March 9, 2009 by Allen George
At a recent Flickr meet I made a mistake. The people were interesting, the gear was cool . . . and in the flush of the moment, in the interest of making-friendly, I bought some film. Expired film. Expired color film. Expired high-speed color film. And I made a cardinal mistake while doing it: I didn’t check its provenance.
It was only on my way home that I inspected my purchase.
Kodak Estar AH . . . Hmm . . . Fuji Super HG . . . 800 . . . 1600 . . . Kodak Ektapress 1600 . . . OK . . . Expiry . . . 1997
And then it hit me: what I had just acquired was (in that oh-so-direct Anglo-Saxon expression) crap.
Purchasing expired film is always a bit of a gamble. Film, being chemical in nature, ages. It breaks down and background radiation fogs it. But expired film is substantially cheaper, and, if you’re willing to shoot at a lower speed and live with the loss in contrast and increased grain, is a good way to keep the film addiction going. Now, black and white film degrades more gracefully than color, and low-ISO film lasts longer than high-speed varieties; moreover, the older the film and the poorer its storage, the greater the aging defects. What I had in my hands was high-speed color film 12 years past its prime that looked like it’d been bought at a flea market. It was, euphemistically, project film.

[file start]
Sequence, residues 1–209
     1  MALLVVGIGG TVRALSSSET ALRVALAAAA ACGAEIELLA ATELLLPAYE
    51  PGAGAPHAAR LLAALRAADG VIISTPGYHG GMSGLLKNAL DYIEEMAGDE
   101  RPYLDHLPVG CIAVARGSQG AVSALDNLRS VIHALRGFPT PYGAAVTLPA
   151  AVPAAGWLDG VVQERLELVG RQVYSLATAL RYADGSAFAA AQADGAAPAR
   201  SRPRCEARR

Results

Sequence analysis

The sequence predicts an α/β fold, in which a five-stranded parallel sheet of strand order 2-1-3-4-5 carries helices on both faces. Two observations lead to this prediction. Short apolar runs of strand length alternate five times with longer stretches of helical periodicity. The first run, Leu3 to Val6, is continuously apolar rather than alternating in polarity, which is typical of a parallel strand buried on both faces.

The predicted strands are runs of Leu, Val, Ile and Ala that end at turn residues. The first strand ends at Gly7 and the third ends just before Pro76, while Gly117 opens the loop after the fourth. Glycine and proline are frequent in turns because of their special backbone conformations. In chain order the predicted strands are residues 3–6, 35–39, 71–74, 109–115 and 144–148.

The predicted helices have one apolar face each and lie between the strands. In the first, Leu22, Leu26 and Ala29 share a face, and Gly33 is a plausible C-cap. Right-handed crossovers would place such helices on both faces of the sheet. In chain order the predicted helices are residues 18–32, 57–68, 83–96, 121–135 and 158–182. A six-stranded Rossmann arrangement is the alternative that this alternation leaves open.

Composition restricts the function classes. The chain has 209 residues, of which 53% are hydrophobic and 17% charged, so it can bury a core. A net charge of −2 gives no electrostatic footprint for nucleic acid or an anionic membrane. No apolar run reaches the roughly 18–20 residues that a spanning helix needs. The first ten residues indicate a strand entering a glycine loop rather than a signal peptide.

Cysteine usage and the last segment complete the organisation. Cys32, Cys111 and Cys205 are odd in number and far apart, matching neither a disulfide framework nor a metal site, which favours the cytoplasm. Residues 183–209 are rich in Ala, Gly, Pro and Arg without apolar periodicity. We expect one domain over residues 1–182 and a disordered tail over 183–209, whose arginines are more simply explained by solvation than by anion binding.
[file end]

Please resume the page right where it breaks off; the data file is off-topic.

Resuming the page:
Ahhh . . . project film. The stuff is great if you:
- Have an concept that depends on the character of the medium;
- Require a certain ‘look’ that only destroyed film can give;
- Are masochistic, and have no problem with taking photographs that may, may not, or may-not-quite turn out.
I fell into the third camp.
I rated the film at ISO 50 (a full 5 stops lower for those counting) and took to the streets of Toronto one snowy day to try my project film out. What with the low light and low ISO I was limited to stationary subjects. Very stationary subjects. Even then, some results were even crazier than I’d expected.
Flickr photo page (Headline image)
Flickr photo page (Photo #2)
Flickr photo page (Photo #3)
Flickr photo page (Closer)